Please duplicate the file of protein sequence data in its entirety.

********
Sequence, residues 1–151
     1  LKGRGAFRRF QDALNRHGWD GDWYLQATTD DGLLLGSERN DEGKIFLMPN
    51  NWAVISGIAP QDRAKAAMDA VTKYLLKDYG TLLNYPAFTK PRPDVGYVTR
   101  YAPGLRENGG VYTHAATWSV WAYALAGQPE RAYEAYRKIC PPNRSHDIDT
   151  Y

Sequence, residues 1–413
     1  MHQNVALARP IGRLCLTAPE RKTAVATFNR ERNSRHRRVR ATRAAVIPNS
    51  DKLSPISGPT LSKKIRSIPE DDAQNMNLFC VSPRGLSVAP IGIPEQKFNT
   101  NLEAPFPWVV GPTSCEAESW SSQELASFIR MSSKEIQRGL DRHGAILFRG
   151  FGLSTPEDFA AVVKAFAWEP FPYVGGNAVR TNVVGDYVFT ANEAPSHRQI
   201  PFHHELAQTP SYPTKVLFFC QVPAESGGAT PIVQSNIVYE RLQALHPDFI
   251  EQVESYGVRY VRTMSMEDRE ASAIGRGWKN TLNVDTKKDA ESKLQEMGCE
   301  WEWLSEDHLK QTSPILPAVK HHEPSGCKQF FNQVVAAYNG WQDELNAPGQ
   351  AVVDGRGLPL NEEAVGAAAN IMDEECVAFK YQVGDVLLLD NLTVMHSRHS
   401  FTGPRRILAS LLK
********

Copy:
Sequence, residues 1–151
     1  LKGRGAFRRF QDALNRHGWD GDWYLQATTD DGLLLGSERN DEGKIFLMPN
    51  NWAVISGIAP QDRAKAAMDA VTKYLLKDYG TLLNYPAFTK PRPDVGYVTR
   101  YAPGLRENGG VYTHAATWSV WAYALAGQPE RAYEAYRKIC PPNRSHDIDT
   151  Y

Sequence, residues 1–413
     1  MHQNVALARP IGRLCLTAPE RKTAVATFNR ERNSRHRRVR ATRAAVIPNS
    51  DKLSPISGPT LSKKIRSIPE DDAQNMNLFC VSPRGLSVAP IGIPEQKFNT
   101  NLEAPFPWVV GPTSCEAESW SSQELASFIR MSSKEIQRGL DRHGAILFRG
   151  FGLSTPEDFA AVVKAFAWEP FPYVGGNAVR TNVVGDYVFT ANEAPSHRQI
   201  PFHHELAQTP SYPTKVLFFC QVPAESGGAT PIVQSNIVYE RLQALHPDFI
   251  EQVESYGVRY VRTMSMEDRE ASAIGRGWKN TLNVDTKKDA ESKLQEMGCE
   301  WEWLSEDHLK QTSPILPAVK HHEPSGCKQF FNQVVAAYNG WQDELNAPGQ
   351  AVVDGRGLPL NEEAVGAAAN IMDEECVAFK YQVGDVLLLD NLTVMHSRHS
   401  FTGPRRILAS LLK